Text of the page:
There have been times where I’ve felt more patriotic than others, but generally speaking, I find it a little strange.
The times where I identified as a patriot, were times where I felt good about how my country was impacting others, and felt aligned with the values my country had displayed. That doesn’t happen so much these days. These days, it’s difficult to understand what a patriot really is and whether anyone should want to be one.
The NFL looks to have passed a new anthem policy. From what I understand, if you’re on the field, you have to stand for the national anthem. The president’s remarks were something to the effect of, ‘if you don’t want to stand, maybe you shouldn’t be play. Maybe you shouldn’t be in the country. If you’re not proud of the country, you shouldn’t be here.’ I’ve often said that Trump was going to be one of the best things to happen to this country. Not because he leads or inspires, but because he’s forcing us to ask questions which weren’t being asked.
What if you’re not proud of the country?
Google defines a patriot as a person who vigorously supports their country and is ready to defend it against enemies or detractors. Seems pretty straight forward. So where’s the nuance? I suppose it would be in how you define supporting your country, and who you determine to be the enemies or detractors.
Some people support their country by displaying the country’s branding as often as possible. Maybe I should’ve said flag or colors instead of branding, but which is more accurate? Some people support their country and defend it against enemies by joining the military and fighting overseas. But how did you know who our enemies were? Some people defend the country against detractors by protecting the commander and chief. But what do you think the commander and chief should be protected from? It seems as though patriotism has more to do with manipulation than it does with national pride.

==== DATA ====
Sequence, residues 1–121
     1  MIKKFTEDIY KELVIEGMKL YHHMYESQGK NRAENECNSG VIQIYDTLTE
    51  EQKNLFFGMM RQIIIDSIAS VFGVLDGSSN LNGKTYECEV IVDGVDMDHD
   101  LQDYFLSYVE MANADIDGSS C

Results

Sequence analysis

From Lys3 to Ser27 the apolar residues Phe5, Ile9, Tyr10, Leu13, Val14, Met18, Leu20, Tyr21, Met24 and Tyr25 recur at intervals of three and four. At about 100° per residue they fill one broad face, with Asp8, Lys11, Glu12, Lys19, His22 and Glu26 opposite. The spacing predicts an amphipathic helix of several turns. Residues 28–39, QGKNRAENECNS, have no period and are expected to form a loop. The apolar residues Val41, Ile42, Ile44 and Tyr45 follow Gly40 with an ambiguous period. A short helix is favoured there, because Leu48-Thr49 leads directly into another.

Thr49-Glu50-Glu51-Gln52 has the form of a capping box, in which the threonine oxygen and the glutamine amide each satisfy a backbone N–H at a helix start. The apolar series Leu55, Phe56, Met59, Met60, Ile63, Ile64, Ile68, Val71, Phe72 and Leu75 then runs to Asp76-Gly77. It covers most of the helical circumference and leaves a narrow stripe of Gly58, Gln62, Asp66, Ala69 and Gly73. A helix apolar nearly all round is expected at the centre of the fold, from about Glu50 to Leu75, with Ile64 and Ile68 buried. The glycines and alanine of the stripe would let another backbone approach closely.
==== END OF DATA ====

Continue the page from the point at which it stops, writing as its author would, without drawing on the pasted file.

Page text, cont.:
I’ve struggled with the concept of pride recently, When to have it, why to have it, and when it’s too much. I grew up around ‘Azn Pride’.. it was kinda like white pride but Asian. More often than not, it was about screen names and gamer tags but from time to time, it meant more than that. It reminded people not be ashamed of where they were from or what they looked like, and gave them a sense of confidence and community among their peers. But there were also times where Azn Pride was about showing dominance over other groups. But what are you really proud of at that point?
Personally, I don’t think you can have patriotism without nationalism and nationalism never seems to work well out for anyone. Nationalism really is a game of us versus them on a global scale. Not only did we not have a say in where these lines on the map were drawn, we have no choice as to which side of the line we’re born to. Yet these lines are enforced vigorously. We are told that the people inside those lines are our brothers and sisters, and that the people outside those lines are potential threats. And yet our country was built upon those who came from outside the lines. And is under attack from those who were born here.
Perhaps patriotism is inherently flawed. Right now, it encourages us to protect our enemies and betray our communities. We’re told that we’re not patriotic when we don’t follow the direction of our president. When the values of our people, country, and president are no longer aligned, who deserves our loyalty? If patriotism is defined by a loyalty to a country, is that better understood as the people of that country, or those who are running it? People in government demanding loyalty sounds awfully undemocratic. In a democratic country, where democracy literally means government for the people by the people.. the answer seems rather obvious.
So what does democratic patriotism look like? Maybe it’s not necessarily an oxymoron. I think it looks like a celebration of the people. It’s a celebration of our diversity rather than a celebration of the red, white and blue. It’s building monuments to the people who are making the world a better place today rather than arguing over old civil war statues. It’s marching together for no more wars, and it’s marching together for no more police violence. It’s not just about celebrating our accomplishments, but about acknowledging our darker moments in arriving here. And you’re damn right that it’s about being able to take a knee during the national anthem to show your support for those the country has failed.
So what does patriotism look like when the lines between us and them disappear?